Brooklyn Nets vs New York Knicks Notes and Observations: 10-3-17

Nets vs Knicks 10-3-17 Score

Welcome back to Brooklyn Nets basketball, folks! This preseason game versus the New York Knicks gave us our first semblance of observation for the 2017-18 Brooklyn Nets. Pleasantly, that premiere peek led to a 115-107 Nets victory across the bridge in Madison Square Garden. Of course, the preseason kickoff game brought some expected sloppiness and mistiming from players on both teams. However, some implications can be taken away from the night and victory to expound upon in later games.

Born to Run

The 2016-17 Brooklyn Nets under current head coach Kenny Atkinson completely revamped the old style of play under the previous coach Lionel Hollins, to indoctrinate a Rockets-esque system of high-tempo ball movement and early threes. They vaulted to the very top of the league in pace per 100 possessions and fourth in 3-point rate (via Basketball-Reference). If the Knicks game has any bearings, the Nets will not be falling from either of those rankings this coming season. 32 of the Nets’ 87 field goal attempts during the game came from beyond the arc, and many early in the shot clock. Brooklyn also maintained the similar emphasis on ball movement from last year with 10 different Nets recording an assist in the game. The issue of integrating quite a few new players into the roster, especially three new starters, led to frequent miscommunication in the quick-decision-reliant system and 17 turnovers overall. But that should be seen as standard fare for preseason.

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Blinded By the Light

New franchise cornerstone D’Angelo Russell seems certain to have the greenest light in the New York City traffic system moving forward. Russell led the team with 14 field goal attempts in just 20 game-time minutes on his way to an efficient game-high of 19 points. Beyond just the volume, Russell seemed to have Atkinson’s permission to take pull-ups at will in the previously loathed midrange area.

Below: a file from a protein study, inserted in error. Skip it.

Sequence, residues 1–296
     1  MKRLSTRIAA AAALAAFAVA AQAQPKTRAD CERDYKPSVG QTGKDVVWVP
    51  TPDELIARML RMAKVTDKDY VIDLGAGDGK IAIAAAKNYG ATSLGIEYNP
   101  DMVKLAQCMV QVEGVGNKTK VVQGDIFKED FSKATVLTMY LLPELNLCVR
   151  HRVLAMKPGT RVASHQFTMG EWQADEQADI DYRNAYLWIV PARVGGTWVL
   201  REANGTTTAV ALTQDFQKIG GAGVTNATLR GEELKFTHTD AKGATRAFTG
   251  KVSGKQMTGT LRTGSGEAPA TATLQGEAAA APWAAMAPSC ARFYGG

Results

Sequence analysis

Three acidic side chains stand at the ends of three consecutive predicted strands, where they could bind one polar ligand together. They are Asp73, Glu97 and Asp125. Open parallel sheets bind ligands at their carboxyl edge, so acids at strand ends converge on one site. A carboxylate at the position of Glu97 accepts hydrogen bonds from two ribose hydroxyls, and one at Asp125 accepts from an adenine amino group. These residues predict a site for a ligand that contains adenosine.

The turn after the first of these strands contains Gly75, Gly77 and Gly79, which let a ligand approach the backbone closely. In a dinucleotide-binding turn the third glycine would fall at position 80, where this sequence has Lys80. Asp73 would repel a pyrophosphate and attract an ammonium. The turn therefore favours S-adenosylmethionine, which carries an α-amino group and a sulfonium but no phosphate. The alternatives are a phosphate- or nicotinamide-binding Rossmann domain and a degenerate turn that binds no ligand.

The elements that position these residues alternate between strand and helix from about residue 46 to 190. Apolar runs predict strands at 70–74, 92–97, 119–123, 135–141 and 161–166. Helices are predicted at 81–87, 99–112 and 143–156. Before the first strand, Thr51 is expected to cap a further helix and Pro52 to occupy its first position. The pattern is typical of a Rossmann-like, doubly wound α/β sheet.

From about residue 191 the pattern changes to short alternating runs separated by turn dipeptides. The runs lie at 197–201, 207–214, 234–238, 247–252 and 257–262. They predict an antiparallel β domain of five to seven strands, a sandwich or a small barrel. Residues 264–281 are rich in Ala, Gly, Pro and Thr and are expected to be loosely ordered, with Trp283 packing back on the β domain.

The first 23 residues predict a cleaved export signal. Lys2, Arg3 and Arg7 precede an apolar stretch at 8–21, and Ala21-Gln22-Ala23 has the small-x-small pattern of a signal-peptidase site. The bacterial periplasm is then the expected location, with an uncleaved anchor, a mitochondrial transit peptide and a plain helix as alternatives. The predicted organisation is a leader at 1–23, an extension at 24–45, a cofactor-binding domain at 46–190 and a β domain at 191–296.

Brooklyn finished second to last in shot frequency of both catch-and-shoot and pull-up jumpers taken in 2-point range in 2016-17 (via One would think another year of the system would cause Atkinson to entrench his “threes or layups” philosophy even more, but Atkinson seems to be accommodating for Russell… at least for now. As a Laker and in his Nets debut, Russell has shown the ability to create space off the dribble for his jumper but not be able to rise over rim protectors to finish at the rim. Therefore, giving him the pull-up option may be necessary to fully unlock Russell’s primary ball-handling gifts. As Russell went 3-of-6 from midrange in the game, the compromise might be mutually beneficial.

Open All Night

Despite the Nets’ fondness of the 3-pointer, the Knicks’ defense did not fear sagging off the Brooklyn shooters to often fortify the paint. Perhaps, the Knicks’ strategy relates more to the plethora of immobile bigs they stock in the front-court rotation. On the other hand, perhaps the gunning potential of DeMarre Carroll, Quincy Acy, Joe Harris, Spencer Dinwiddie and Tyler Zeller does not yet strike fear into opposing defenses.

However, if the Nets’ shooters did not garner much face-guarding respect, they did take advantage of the open looks and ready triggers to shoot 50 percent from downtown for the game. Joe Harris in particular impressed with his persistent off-ball movement, being rewarded with a 4-of-7 night from behind the arc off the bench. With more than capable marksmen Allen Crabbe and Caris LeVert taking DNP for sprained ankles, the Nets should feel gleeful of such a shooting performance without even having full artillery.

It’s Hard to Be a Saint in the City

Despite the torrid shooting performance and eventual victory, not all Nets had performances to hang their hats on. Jeremy Lin debuted his new dreadlocks in the preseason opener but will dread to look back on his 2-of-9 shooting, three-turnover game. Lin did not play in sync with the game’s tempo, with his passing accuracy off-kilter all night. He also struggled mightily in his two attacks at the rim to finish over the towering 7-foot-3 frame of Kristaps Porzingis, with both attempts ending futilely and one in an engulfing stuffing.

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